When high school athletes take to the playing fields, they are always at risk for serious injuries.

Taking precautions to prevent these injuries, however, should be a priority for the players and their schools, which is why we applaud the steps that softball pitchers are taking to protect themselves.

In a softball game between the Biddeford Tigers and Kennebunk Rams on Thursday, both pitchers wore face masks while they were pitching.

Usually, it is an odd site to see a pitcher wear protection if they are not already protecting a previous injury such as a broken jaw or nose. But that was not the case for Biddeford’s Abbie Paquette and Kennebunk’s Carinn Burns. Both wore the masks just in case a ball rocketed back at them, striking them in the face.

It is a smart move by both pitchers.

The softball circle is only 46 feet away from the batter, and today’s softball players hit harder than their predecessors, thanks to defined technique, weight lifting routines and advancements in aluminum bat technology.

If a pitcher can hurl a softball at 50-60 mph, that means the ball can come screaming back at them at a much faster speed. The pitcher won’t always have time to react with her glove and runs the risk of the ball striking her, breaking jaws, noses, cheekbones and eye sockets. It could lead to disfigurement or blindness, or at the very least, a serious headache or concussion.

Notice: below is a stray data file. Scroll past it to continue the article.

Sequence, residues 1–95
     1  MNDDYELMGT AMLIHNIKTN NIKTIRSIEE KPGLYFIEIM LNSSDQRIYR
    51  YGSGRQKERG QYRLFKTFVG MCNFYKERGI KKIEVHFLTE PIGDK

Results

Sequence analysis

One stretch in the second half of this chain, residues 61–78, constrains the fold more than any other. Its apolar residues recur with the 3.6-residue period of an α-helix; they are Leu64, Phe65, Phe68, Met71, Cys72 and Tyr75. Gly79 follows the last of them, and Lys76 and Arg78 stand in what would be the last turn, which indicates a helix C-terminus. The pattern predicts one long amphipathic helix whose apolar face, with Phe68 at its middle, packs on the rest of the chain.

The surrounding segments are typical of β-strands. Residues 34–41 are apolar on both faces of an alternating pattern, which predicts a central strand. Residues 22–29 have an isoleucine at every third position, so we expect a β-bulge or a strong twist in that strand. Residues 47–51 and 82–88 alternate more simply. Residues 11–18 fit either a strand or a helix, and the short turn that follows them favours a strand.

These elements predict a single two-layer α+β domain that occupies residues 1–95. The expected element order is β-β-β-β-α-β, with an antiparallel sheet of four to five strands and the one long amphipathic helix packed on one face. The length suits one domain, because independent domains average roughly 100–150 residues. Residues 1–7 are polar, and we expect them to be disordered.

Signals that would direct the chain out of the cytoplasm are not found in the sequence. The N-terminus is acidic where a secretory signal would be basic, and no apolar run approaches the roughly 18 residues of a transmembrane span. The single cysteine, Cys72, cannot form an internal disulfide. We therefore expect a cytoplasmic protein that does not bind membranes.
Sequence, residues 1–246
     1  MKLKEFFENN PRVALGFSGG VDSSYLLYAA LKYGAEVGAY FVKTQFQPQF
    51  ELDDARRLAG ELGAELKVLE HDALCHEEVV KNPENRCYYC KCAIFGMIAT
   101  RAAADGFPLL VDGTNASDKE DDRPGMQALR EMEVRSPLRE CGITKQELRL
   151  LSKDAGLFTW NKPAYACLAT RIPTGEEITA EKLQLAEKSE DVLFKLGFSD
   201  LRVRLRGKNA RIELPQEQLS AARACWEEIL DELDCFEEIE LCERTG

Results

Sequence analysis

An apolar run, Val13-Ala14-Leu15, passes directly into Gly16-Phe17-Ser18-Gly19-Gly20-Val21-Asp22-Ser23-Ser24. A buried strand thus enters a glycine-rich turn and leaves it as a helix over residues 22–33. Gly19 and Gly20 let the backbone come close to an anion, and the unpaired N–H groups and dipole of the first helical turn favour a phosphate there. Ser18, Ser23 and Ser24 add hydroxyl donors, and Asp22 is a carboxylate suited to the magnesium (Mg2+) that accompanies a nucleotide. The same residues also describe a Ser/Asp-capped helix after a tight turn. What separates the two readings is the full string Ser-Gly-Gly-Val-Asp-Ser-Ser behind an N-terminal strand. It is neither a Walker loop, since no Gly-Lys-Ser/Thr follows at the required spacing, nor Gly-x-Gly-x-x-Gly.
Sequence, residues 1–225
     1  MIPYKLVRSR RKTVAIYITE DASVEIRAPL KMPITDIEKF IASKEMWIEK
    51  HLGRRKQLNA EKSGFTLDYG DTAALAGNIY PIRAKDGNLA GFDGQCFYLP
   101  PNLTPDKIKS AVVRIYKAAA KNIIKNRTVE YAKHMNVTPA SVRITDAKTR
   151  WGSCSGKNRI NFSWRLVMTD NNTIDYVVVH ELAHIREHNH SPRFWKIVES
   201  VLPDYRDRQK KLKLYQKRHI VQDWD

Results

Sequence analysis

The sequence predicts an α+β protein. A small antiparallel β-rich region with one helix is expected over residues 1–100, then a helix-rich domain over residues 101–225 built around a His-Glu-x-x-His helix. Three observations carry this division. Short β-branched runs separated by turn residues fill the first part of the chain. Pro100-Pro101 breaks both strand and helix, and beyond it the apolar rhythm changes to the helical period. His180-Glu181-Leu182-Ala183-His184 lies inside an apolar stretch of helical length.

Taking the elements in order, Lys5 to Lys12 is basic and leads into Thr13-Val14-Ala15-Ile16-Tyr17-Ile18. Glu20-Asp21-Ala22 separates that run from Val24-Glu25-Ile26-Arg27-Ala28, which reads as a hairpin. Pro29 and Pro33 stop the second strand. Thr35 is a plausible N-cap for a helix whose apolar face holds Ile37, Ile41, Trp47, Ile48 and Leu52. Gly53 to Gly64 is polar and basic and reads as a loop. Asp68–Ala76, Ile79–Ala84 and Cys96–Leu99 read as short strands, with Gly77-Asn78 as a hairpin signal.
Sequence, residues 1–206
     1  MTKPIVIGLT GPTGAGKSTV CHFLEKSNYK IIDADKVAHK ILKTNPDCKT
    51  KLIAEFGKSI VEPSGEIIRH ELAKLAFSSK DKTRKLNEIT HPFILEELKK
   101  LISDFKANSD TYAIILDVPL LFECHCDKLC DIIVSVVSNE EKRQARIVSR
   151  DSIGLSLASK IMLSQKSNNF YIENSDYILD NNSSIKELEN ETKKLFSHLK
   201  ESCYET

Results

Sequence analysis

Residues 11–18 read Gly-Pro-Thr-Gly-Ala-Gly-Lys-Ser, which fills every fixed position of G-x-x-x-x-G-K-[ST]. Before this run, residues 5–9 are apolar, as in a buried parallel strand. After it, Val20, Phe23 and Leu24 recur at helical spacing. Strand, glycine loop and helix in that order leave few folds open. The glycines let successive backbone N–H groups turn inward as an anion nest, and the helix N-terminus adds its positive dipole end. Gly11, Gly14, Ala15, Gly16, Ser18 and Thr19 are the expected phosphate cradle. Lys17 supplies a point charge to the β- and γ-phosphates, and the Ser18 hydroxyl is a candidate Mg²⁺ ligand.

Pitchers are vulnerable to such injuries and making the masks a league rule would go a long way in helping prevent injuries. It makes sense, especially since the Maine Principals’ Association requires softball players to wear masks on their helmets while batting. The hitter’s safety is always a concern, but it’s time for the pitcher’s safety to be taken more seriously, too.

We are not saying that the MPA doesn’t take the safety of all of its athletes seriously, but it would be nice to see all pitchers required to wear the masks.

It does look odd at first to see such attire, but it is for the benefit of the student athlete. After all, athletics are not a fashion contest, and we are dealing with high school students from the ages of 14-18.

Some pitchers might protest, saying that the mask would hinder their performance. But while it might be uncomfortable at first and take an adjustment, it shouldn’t affect the pitcher in the long run. It might, however, make them feel more comfortable knowing that they have that added layer of protection.

Girls lacrosse players and field hockey players are required to wear goggles and face protection, and boys lacrosse players are required to wear shoulder pads and helmets for their safety. Protecting the athlete should always be the first priority.

There has not been a large number of incidents where a softball pitcher has been hit in the face with the ball, but the potential is there. If one future serious incident can be avoided because of a simple rule change, then it is worth the evolution.

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Today’s editorial was written by Sports Editor Al Edwards on behalf of the Journal Tribune Editorial Board. Questions? Comments? Contact Managing Editor Kristen Schulze Muszynski by calling 282-1535, Ext. 322, or via email at [email protected].